Date: Sunday, May 3, 2015
Session Time: 4:00pm-5:30pm
Presentation Time: 5:12pm-5:24pm
Location: Room 118-AB
Introduction: Auto-immune responses to cardiac myosin, a heart specific protein has been proposed to be a target auto-antigen resulting in cardiac allograft vasculopathy following transplantation. The goal of the present study is to investigate the kinetics in which passively administered antibodies (Abs) to cardiac myosin induce rejection following syngenic murine heart transplantation and to determine whether anti-myosin mediated immune spreading to other cardiac associated self-antigens (self-Ags) are required to induce rejection.
Methods: C57BL6 hearts (isograft) were transplanted into syngenic C57BL6 mice. Rabbit polyclonal anti-myosin (200¯o;g/ml) was administred intraperitoneally into mice following transplantation (group A) or on days 7,14,21 and 28 after transplantation (group B). Heart palpitation was monitored daily and sera were collected following cessation of heart beats. Abs for self-Ag Myosin, Vimentin were performed using ELISA. Frequency of Ag specific T-cells and the secreting cytokines was determined by ELISpot. Histopathology of the hearts were performed and morphometric analysis of cells infiltrating was determined using Heamtoxylin and Eosin (H&E) staining and immunofluorescence assay.
Results: C57BL6 transplant recipient mice administered with anti-myosin on 0 day rejected the syngenic hearts by day 7. In contrast C57BL6 transplant recipient mice administered with anti-myosin on day 7,14,21 or 28 continued to have functioning cardiac graft till day 30 following transplantation. ELISA results on group A mice serum samples showed significant increase in Ab concentration not only to cardiac myosin but also to vimentin in comparison to animals in group B (p=0.03). Elispot analysis with spleenocytes in group A also showed increased CD4+ T-cells secreting IFN-γ and IL-17 with reduction in IL-10.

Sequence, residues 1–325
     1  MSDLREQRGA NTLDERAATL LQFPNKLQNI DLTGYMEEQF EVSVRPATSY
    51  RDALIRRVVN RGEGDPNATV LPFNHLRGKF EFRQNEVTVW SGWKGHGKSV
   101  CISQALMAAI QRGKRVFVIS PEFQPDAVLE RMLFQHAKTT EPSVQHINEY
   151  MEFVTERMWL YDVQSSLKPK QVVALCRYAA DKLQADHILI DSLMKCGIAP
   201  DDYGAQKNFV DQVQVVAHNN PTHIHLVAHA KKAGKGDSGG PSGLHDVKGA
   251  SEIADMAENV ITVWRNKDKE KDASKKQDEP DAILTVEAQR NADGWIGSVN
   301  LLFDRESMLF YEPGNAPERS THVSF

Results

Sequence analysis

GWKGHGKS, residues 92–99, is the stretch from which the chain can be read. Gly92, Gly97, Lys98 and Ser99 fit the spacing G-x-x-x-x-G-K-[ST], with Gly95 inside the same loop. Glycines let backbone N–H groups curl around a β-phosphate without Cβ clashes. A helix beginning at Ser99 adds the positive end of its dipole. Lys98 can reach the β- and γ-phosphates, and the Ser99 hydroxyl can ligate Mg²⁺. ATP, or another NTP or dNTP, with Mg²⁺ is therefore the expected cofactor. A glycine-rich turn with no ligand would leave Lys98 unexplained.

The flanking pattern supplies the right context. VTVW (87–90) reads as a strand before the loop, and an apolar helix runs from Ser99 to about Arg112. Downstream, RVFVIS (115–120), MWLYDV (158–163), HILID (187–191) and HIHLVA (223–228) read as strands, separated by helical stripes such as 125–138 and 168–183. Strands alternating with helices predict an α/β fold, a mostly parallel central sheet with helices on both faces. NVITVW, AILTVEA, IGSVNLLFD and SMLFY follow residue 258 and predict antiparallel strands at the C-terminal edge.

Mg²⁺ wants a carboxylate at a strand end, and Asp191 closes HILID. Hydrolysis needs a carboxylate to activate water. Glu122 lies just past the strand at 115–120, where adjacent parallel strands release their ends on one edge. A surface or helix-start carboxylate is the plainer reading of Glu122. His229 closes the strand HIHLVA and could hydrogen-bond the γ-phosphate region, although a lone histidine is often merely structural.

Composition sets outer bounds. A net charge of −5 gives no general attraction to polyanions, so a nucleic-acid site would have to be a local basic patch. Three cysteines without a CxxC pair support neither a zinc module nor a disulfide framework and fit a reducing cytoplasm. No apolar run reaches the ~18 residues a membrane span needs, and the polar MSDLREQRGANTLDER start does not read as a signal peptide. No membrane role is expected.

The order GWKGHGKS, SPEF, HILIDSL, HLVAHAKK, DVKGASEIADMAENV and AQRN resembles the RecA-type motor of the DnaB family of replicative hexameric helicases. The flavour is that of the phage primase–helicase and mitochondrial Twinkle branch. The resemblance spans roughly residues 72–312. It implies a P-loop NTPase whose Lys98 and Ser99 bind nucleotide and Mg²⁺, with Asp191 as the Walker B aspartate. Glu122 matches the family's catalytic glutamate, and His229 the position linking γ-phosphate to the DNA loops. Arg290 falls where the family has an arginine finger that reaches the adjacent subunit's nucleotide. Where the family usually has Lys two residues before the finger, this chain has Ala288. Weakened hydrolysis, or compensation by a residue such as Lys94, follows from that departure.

Conclusion: We conclude that passive administration of anti-myosin only immediately following syngenic cardiac transplantation results in spreading of immune response to other heart self-Ag vimentin that leads to the isograft rejection most likely due to exposure of cardiac myosin due to ischemia reperfusion injury of the graft. Furthermore, anti-myosin administration results in Ag specific increases in the frequency of IFN-γ and IL-17 cells with marked reduction in IL-10 resulting in loss of peripheral tolerance to self-Ags leading to rejection of syngenic cardiac grafts.
To cite this abstract in AMA style:Sharma M, Gunasekaran M, Benshoff N, Liu W, Gelman A, Mohanakumar T. Passive Administration of Antibodies to Cardiac Myosin Immediately Following Syngenic Cardiac Transplantation Result in Rejection [abstract]. Am J Transplant. 2015; 15 (suppl 3). https://atcmeetingabstracts.com/abstract/passive-administration-of-antibodies-to-cardiac-myosin-immediately-following-syngenic-cardiac-transplantation-result-in-rejection/. Accessed April 18, 2021.
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